• Confusion and/or abnormal behavior
  • Visual disturbances, such as blurred vision
  • Seizures
  • Loss of consciousness


With seizures and loss of consciousness, the patient may become hypoxic. To control the airway, begin by positioning the patient to maintain patency and facilitate drainage of bodily fluids away from the respiratory tract. Secure the airway with an EOA or endotracheal tube and perform oropharyngeal suction to keep the airway clear.


Alcohol Poisoning

Alcohol poisoning occurs when levels of alcohol in the bloodstream rise to the point that the brain’s basic life-support functions, such as breathing, heart rate, and temperature, begin to shut down. Symptoms of alcohol poisoning include:

  • Confusion
  • Decreased level of consciousness
  • Vomiting
  • Seizures
  • Dyspnea
  • Bradycardia
  • Clammy, cyanotic skin
  • Diminished responses (loss of gag reflex)
  • Hypothermia


What makes alcohol poisoning so prone to becoming a respiratory emergency is the lethal combination of symptoms. Alcohol not only diminishes the gag reflex but also irritates the stomach, which can cause vomiting. For the person who is unconscious, this can lead to choking, aspiration, and eventually death.


Hemorrhagic Stroke

Although hemorrhagic stroke is less common than ischemic stroke, both can produce life-altering brain injuries. Hemorrhagic stroke is most commonly caused by uncontrolled hypertension, but other causes include:

  • Trauma
  • Ruptured aneurysm
  • Use of blood thinners
  • Bleeding tumors
  • Drug use, such as cocaine or methamphetamines, which can cause severe hypertension
  • Bleeding disorders, such as hemophilia or sickle-cell anemia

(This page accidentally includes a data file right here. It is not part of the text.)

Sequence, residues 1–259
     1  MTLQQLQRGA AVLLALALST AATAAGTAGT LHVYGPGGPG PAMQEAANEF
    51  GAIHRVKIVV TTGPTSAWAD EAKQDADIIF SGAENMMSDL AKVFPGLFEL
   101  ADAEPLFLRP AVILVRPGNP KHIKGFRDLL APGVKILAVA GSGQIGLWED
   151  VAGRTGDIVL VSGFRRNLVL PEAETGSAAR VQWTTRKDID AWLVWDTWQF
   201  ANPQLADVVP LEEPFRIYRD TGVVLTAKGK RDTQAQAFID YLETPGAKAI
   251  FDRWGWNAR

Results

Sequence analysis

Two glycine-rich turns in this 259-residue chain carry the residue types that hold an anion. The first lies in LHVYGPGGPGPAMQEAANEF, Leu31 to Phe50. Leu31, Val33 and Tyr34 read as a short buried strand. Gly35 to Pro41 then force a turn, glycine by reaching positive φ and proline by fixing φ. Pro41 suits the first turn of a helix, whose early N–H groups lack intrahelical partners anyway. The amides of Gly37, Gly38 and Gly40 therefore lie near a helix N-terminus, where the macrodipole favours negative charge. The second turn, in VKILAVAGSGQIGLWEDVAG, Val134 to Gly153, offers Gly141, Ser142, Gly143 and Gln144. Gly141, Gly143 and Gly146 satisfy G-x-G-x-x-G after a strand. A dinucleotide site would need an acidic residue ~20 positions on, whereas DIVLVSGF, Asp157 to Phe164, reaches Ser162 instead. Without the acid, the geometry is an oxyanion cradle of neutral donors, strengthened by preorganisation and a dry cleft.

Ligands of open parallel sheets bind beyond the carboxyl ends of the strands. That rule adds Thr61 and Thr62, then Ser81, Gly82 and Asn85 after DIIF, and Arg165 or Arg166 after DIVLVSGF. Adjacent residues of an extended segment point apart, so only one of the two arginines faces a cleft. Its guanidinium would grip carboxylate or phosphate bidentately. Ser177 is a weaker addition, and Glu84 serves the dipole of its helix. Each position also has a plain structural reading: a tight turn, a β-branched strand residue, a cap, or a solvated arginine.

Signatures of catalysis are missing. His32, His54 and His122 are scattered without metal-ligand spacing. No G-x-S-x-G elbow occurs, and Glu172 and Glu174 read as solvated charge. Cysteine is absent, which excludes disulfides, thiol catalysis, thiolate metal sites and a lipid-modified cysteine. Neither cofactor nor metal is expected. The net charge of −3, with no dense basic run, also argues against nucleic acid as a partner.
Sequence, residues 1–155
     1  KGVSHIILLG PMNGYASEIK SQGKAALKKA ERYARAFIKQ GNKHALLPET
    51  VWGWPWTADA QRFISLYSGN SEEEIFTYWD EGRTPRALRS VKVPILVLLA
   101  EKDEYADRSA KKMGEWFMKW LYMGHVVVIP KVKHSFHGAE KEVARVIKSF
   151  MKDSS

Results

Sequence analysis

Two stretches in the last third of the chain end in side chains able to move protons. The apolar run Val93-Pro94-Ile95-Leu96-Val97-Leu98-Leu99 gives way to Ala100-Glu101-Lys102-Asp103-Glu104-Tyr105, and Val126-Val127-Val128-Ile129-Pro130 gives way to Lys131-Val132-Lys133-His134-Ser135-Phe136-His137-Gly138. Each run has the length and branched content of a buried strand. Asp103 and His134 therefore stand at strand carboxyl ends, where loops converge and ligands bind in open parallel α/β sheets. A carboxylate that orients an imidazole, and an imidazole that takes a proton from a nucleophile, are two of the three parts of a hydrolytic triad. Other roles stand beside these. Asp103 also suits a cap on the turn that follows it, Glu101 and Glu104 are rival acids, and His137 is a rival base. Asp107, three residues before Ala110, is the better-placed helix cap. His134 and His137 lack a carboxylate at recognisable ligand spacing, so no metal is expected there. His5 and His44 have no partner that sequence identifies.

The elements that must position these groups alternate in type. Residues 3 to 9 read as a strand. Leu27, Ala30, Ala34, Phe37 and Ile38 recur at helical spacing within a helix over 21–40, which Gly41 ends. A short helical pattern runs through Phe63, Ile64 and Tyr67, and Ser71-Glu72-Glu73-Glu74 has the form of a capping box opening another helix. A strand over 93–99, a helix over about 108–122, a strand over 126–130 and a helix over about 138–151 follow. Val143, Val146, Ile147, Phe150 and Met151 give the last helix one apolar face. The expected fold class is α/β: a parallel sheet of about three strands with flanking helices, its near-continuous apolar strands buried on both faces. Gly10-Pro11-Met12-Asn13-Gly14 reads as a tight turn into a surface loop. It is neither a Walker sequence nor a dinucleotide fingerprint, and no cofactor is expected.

• Arteriovenous malformations, which disrupt normal blood flow


The most common type of hemorrhagic stroke is an intracerebral hemorrhage, caused by a burst artery that floods surrounding tissues. If not relieved, the bleeding can cause a rise in intracranial pressure, leading to necrosis, herniation, and death. Less common are subarachnoid hemorrhages, producing bleeding between the brain itself and the thin tissues covering it.


As with any brain injury, decreased level of consciousness—even unconsciousness—is common. Be prepared to treat respiratory emergencies in such patients. Depending on where the bleeding occurs, the patient may suffer paralysis and be unable to maintain a patent airway. It is your job to guard against a respiratory emergency. And patients suffering from brain bleeds are at extreme risk.


No matter the cause, patients with decreased level of consciousness can easily result in a respiratory emergency, if not properly protected and aggressively treated. So, remain alert in such situations and be sure to keep the portable suction unit at the ready.


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2011, Pollak, A., Ed.

Critical Care Transport, American College of Emergency Physicians, Jones and Bartlett.



Prehospital Trauma Life Support, American College of Surgeons, Committee on Trauma, MOSBY JEMS, Elsevier.